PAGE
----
An Alaskan cruise in early June was wonderful! Blankets, layers of clothes, and only 50 degrees. All of my weather complaints on Facebook were met with jealous responses from my San Antonio friends, where at the time, 90 degrees was a relief! It was a beautiful trip.
Next, a trip to Dallas to meet Duo Petrof, pianists Anatoly Zatin and Vlada Vassilieva from Mexico, to figure out the details of Liszt’s Hexameron, for the December concert. A piece for 6 pianists… not easy! Hexameron has been in my plans for the last 5 years. What a fun adventure to finally begin!
The piece was conceived in 1837 by Franz Liszt, who composed the introduction, the second variation, the connecting sections, and the finale, and integrated the piece into an artistic unity. He invited five other popular composer/performers of the day to contribute a variation each: Frédéric Chopin, Carl Czerny, Henri Herz, Johann Peter Pixis, and Sigismond Thalberg.
Hexameron was commissioned for a benefit concert for the poor, taking place on March 31, 1837 at the Paris salon of Princess Cristina Trivulzio Belgiojoso. The piece was not completed on time, but nevertheless the concert was the place where Thalberg and Liszt had their famous ‘piano duel’ for the title of “greatest pianist in the world.” Princess Belgiojoso’s famous judgment was: “Thalberg may be the first pianist in the world, but Liszt is the only one.”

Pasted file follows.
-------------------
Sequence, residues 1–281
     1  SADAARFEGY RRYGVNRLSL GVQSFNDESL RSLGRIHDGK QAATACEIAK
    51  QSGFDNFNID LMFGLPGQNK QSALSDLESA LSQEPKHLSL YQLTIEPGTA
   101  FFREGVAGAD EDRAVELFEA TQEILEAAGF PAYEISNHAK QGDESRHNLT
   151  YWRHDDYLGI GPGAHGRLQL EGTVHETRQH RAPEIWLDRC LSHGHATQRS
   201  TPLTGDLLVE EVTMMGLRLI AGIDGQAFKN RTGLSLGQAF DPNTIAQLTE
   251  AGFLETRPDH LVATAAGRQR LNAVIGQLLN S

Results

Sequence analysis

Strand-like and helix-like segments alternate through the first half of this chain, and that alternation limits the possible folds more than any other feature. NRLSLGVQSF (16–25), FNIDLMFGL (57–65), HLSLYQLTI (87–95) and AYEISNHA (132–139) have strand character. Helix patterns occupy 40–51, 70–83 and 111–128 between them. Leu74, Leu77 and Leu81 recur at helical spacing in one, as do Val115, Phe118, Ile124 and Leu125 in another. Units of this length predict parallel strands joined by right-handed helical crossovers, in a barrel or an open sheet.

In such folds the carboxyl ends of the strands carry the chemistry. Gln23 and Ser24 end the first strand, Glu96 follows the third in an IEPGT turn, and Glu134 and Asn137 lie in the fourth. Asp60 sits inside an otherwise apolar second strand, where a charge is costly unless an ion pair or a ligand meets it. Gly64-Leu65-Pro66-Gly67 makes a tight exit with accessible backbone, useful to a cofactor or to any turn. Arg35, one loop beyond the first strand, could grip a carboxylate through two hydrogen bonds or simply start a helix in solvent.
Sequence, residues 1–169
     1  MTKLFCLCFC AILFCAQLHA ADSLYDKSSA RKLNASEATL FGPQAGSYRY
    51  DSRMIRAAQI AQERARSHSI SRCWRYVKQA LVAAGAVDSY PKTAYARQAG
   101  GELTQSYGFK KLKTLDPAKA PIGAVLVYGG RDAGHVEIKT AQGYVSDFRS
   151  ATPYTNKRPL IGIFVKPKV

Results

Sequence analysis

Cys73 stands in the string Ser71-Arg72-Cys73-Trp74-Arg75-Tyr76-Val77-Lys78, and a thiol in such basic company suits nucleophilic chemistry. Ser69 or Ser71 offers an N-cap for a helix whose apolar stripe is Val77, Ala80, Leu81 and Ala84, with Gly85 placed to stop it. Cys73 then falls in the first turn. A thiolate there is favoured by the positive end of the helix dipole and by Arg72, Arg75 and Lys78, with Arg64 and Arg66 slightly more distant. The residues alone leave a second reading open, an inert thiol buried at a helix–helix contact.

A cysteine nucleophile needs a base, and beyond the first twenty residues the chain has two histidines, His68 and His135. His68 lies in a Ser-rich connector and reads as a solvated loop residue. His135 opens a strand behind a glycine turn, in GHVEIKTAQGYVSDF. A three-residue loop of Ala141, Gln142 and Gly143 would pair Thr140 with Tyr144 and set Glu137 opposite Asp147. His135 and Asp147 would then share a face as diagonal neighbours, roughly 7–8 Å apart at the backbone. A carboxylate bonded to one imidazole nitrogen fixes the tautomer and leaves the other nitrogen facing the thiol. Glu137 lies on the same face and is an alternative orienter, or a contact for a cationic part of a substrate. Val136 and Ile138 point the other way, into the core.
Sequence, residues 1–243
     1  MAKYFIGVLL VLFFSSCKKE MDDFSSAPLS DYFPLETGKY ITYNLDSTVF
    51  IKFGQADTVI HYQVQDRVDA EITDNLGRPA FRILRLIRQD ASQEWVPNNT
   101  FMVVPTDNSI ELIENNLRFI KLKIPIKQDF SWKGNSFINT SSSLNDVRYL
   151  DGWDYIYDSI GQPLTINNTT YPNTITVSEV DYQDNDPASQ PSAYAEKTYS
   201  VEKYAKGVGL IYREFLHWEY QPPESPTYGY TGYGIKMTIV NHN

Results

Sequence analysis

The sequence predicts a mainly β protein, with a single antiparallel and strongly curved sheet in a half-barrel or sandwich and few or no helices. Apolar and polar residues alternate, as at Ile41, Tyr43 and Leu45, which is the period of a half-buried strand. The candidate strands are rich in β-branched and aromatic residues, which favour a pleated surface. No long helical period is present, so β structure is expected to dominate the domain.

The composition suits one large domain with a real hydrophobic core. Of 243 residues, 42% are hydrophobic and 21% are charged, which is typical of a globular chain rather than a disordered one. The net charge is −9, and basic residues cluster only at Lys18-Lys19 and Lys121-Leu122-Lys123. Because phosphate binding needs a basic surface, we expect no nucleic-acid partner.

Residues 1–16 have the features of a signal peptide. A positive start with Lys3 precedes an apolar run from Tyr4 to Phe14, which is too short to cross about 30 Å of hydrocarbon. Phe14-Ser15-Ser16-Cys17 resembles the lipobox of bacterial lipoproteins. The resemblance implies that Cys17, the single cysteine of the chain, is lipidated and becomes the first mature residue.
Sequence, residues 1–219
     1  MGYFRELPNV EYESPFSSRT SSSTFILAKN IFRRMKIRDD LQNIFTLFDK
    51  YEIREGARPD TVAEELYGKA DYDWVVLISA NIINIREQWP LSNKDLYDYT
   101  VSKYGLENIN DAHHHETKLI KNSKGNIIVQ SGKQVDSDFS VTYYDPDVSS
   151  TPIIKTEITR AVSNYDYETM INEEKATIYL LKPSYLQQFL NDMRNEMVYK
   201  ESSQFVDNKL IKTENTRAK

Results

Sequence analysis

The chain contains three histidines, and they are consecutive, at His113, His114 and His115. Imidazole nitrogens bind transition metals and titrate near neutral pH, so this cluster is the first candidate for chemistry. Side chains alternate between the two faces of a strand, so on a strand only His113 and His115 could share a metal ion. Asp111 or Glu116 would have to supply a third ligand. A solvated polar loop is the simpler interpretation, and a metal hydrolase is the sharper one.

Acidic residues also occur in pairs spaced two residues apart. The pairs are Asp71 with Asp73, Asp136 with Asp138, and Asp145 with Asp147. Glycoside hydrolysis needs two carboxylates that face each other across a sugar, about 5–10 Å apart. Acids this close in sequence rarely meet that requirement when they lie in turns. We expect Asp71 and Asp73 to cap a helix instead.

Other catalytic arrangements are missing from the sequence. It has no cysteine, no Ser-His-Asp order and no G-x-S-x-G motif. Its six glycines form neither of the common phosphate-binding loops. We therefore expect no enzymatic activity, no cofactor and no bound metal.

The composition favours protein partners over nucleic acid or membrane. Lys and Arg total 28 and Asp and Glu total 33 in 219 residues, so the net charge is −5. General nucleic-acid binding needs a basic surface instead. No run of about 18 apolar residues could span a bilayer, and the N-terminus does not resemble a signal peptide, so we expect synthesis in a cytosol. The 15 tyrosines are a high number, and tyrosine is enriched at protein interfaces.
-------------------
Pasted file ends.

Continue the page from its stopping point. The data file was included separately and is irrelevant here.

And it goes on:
Guess what? Musical Bridges is taking it to the next level! In keeping with our mission to create one-of-a-kind performances, we are arranging the introduction and the finale for 6 pianists, and to stay with Liszt’s fun idea of including other composers, inserting other romantic pieces into the program. As a result, instead of the traditional 12 minute Hexameron, you will be able to experience the only, absolutely unique, 40 minute Hexameron! Including the World Premier of Fantasy by Anatoly Zatin, on music of Robert Schumann and Clara Wieck Schumann, performed by Duo Petrof, Liszt’s astounding Grand gallop chromatique for 6 hands and many, many more!
Listen to Variation IV of Listz’s Hexameron here:
What a fun job I have!
To be continued…